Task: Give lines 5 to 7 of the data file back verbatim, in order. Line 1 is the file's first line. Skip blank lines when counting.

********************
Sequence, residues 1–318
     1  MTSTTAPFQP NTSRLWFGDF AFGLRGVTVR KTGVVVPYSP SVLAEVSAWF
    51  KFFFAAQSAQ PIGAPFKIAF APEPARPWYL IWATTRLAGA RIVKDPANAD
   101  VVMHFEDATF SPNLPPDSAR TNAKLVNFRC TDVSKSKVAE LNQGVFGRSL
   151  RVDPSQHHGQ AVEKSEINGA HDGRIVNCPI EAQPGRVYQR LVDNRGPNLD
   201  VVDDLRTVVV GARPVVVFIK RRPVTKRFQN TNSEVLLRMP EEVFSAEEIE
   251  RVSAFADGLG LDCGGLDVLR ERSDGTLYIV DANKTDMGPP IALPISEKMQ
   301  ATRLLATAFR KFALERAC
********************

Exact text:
   151  RVDPSQHHGQ AVEKSEINGA HDGRIVNCPI EAQPGRVYQR LVDNRGPNLD
   201  VVDDLRTVVV GARPVVVFIK RRPVTKRFQN TNSEVLLRMP EEVFSAEEIE
   251  RVSAFADGLG LDCGGLDVLR ERSDGTLYIV DANKTDMGPP IALPISEKMQ